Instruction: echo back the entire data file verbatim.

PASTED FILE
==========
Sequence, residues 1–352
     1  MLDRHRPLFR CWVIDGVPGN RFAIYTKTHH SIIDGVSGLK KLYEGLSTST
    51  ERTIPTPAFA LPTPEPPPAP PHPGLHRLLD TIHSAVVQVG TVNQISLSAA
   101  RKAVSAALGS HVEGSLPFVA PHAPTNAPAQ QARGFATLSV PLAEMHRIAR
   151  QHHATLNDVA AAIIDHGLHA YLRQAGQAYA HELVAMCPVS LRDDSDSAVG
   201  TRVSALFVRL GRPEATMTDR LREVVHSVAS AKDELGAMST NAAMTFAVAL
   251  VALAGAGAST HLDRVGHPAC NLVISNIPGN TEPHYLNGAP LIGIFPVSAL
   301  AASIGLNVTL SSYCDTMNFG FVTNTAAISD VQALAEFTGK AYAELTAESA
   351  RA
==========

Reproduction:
Sequence, residues 1–352
     1  MLDRHRPLFR CWVIDGVPGN RFAIYTKTHH SIIDGVSGLK KLYEGLSTST
    51  ERTIPTPAFA LPTPEPPPAP PHPGLHRLLD TIHSAVVQVG TVNQISLSAA
   101  RKAVSAALGS HVEGSLPFVA PHAPTNAPAQ QARGFATLSV PLAEMHRIAR
   151  QHHATLNDVA AAIIDHGLHA YLRQAGQAYA HELVAMCPVS LRDDSDSAVG
   201  TRVSALFVRL GRPEATMTDR LREVVHSVAS AKDELGAMST NAAMTFAVAL
   251  VALAGAGAST HLDRVGHPAC NLVISNIPGN TEPHYLNGAP LIGIFPVSAL
   301  AASIGLNVTL SSYCDTMNFG FVTNTAAISD VQALAEFTGK AYAELTAESA
   351  RA